FLSA Complaint Must be in Writing, Rules 3d DCA

Third District Court of AppealsBy Richard Tuschman

Defense lawyers whose clients are sued in Florida state court under the Fair Labor Standards Act typically remove the cases to federal court.  And for good reason:  employers generally have a better chance of obtaining a summary judgment in federal court. 

But defense lawyers may want to rethink this strategy in FLSA retaliation cases in light of a recent decision by the Third District Court of Appeals, Alvarado v. Bayshore Grove Management, LLC, Case No. 3D09-3332 (Fla. 3d DCA, October 6, 2006). 

In Alvarado, the plaintiff alleged that he had made oral complaints to his employer about his compensation and that he was terminated as a result in violation of the FLSA's anti-retaliation provision, 29 USC §215(a)(3).  This provision makes it unlawful "to discharge or in any other manner discriminate against any employee because such employee has filed any complaint or instituted or caused to be instituted any proceeding under or related to this chapter...."  Citing the Seventh Circuit Court of Appeals' decision in Kasten v. Saint-Gobain Performance Plastics Corp., 570 F.3d 834, 838-40 (7th Cir. 2009), the Third DCA affirmed the trial court's dismissal of the retaliation claim, holding that "the very meaning of the word 'filed' requires that the aggrieved employee at least submit something in writing." 

As the Seventh Circuit noted in Kasten, the Eleventh Circuit Court of Appeals reached a different conclusion in EEOC v. White & Son Enters., 881 F.2d 1006, 1011 (11th Cir.1989).  There, the Eleventh Circuit held that given the FLSA's "remedial purpose," an oral complaint is protected activity under the Equal Pay Act (which is part of the FLSA).  White & Son is binding on federal district courts in the Eleventh Circuit. See, e.g., Dees v. Rsight, Inc., Case No. 6:05-cv-1923-Orl-DAB, 2006 U.S. Dist. LEXIS 92860 (M.D. Fla. Dec. 22, 2006) (citing White & Son for the proposition that "the Eleventh Circuit has held that unofficial oral complaints by employees to their employer can constitute protected activity under the FLSA").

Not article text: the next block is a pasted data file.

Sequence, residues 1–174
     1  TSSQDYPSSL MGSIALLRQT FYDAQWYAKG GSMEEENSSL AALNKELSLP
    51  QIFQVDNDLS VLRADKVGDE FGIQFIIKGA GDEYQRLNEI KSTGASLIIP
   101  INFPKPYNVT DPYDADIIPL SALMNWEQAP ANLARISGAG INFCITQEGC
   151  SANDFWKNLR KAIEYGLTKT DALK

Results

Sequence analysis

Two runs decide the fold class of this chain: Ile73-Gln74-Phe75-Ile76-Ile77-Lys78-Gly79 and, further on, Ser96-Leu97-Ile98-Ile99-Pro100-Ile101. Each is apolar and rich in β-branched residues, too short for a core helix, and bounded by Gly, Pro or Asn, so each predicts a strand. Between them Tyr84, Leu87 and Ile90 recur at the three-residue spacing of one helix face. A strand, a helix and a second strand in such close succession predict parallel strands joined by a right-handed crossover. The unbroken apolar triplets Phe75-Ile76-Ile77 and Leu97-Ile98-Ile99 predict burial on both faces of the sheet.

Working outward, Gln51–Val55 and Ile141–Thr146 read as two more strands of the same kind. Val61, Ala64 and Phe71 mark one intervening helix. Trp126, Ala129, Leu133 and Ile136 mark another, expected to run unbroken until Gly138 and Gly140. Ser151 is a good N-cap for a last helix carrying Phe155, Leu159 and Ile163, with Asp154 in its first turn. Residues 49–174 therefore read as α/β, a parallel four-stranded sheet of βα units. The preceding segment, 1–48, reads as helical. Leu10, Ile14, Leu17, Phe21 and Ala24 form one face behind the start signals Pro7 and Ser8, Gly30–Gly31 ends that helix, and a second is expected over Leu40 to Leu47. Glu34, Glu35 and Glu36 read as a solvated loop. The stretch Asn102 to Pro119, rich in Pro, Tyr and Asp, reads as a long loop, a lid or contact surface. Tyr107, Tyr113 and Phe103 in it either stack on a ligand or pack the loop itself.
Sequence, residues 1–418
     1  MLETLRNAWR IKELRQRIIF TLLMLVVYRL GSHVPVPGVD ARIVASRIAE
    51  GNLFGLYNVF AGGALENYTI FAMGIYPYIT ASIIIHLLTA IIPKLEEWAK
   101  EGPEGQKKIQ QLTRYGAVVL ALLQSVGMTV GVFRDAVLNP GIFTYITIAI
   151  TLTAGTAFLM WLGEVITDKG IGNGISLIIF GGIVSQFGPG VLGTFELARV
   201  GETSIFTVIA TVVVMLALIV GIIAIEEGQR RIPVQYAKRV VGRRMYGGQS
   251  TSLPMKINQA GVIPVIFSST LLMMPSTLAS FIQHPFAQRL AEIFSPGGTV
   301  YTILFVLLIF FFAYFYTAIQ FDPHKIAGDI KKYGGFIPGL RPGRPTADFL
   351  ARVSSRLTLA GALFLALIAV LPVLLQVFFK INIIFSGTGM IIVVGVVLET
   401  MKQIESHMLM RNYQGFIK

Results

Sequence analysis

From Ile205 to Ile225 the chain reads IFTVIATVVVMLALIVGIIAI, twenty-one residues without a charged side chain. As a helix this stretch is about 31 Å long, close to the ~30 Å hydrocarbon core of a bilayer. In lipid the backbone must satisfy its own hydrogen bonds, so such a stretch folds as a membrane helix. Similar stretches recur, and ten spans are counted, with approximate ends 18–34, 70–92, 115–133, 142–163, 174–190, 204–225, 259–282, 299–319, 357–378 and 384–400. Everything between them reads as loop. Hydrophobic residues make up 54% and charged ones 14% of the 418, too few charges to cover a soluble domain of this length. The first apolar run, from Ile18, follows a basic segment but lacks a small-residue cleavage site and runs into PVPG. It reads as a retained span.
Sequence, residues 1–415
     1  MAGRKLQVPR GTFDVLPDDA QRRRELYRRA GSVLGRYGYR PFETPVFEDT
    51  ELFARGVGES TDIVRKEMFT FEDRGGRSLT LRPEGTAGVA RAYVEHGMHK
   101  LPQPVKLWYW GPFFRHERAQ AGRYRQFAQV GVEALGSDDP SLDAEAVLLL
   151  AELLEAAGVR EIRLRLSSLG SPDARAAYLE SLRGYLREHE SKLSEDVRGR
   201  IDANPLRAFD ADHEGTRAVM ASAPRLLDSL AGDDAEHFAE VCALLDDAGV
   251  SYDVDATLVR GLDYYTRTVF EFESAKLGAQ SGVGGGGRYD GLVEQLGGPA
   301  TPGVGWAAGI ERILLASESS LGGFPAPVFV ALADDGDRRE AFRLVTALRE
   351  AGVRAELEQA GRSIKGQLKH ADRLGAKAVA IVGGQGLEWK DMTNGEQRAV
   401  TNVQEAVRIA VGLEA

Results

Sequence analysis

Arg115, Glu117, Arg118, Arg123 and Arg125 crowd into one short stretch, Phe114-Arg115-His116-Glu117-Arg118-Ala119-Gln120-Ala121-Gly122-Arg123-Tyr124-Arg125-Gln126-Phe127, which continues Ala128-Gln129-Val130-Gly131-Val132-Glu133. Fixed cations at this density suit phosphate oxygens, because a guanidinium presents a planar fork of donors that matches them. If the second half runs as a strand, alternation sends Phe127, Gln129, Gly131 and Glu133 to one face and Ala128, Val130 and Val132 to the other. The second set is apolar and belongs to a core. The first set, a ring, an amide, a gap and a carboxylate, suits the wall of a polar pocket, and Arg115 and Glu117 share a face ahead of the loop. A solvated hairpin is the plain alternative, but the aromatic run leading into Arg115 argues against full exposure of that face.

The lesson of Alvarado and White & Son is clear:  Employers who are sued in state court on an FLSA retaliation claim based on an oral complaint should keep the case in state court so they can argue that the complaint was not protected activity.  In any trial court within the Third DCA, this argument should be a winner.  In trial courts outside the Third DCA, at least the employer has a fighting chance on this argument; Alvarado is not binding but is persuasive authority.  Once the case is removed to federal court, White & Son controls, so the employer better be prepared to assert a different defense to the plaintiff's retaliation claim.

UPDATE:  Four days after this post, the United States Supreme Court held oral argument on this issue in Kasten.  You can hear the argument here.  Several justices sounded skeptical about the employee's attorney's argument that an oral complaint to an employer can constitute the "filing" of a complaint under the FLSA.  Assuming the Supreme Court resolves this precise issue, all federal and Florida courts will be bound by its decision. In that case, the apparent split between the Third DCA and the Eleventh Circuit will be moot.

 

 

 

 

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